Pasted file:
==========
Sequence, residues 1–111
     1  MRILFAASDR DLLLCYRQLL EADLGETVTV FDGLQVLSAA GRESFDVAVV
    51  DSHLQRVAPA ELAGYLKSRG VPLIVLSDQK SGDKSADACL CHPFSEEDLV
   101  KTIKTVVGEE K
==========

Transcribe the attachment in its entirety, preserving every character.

Sequence, residues 1–111
     1  MRILFAASDR DLLLCYRQLL EADLGETVTV FDGLQVLSAA GRESFDVAVV
    51  DSHLQRVAPA ELAGYLKSRG VPLIVLSDQK SGDKSADACL CHPFSEEDLV
   101  KTIKTVVGEE K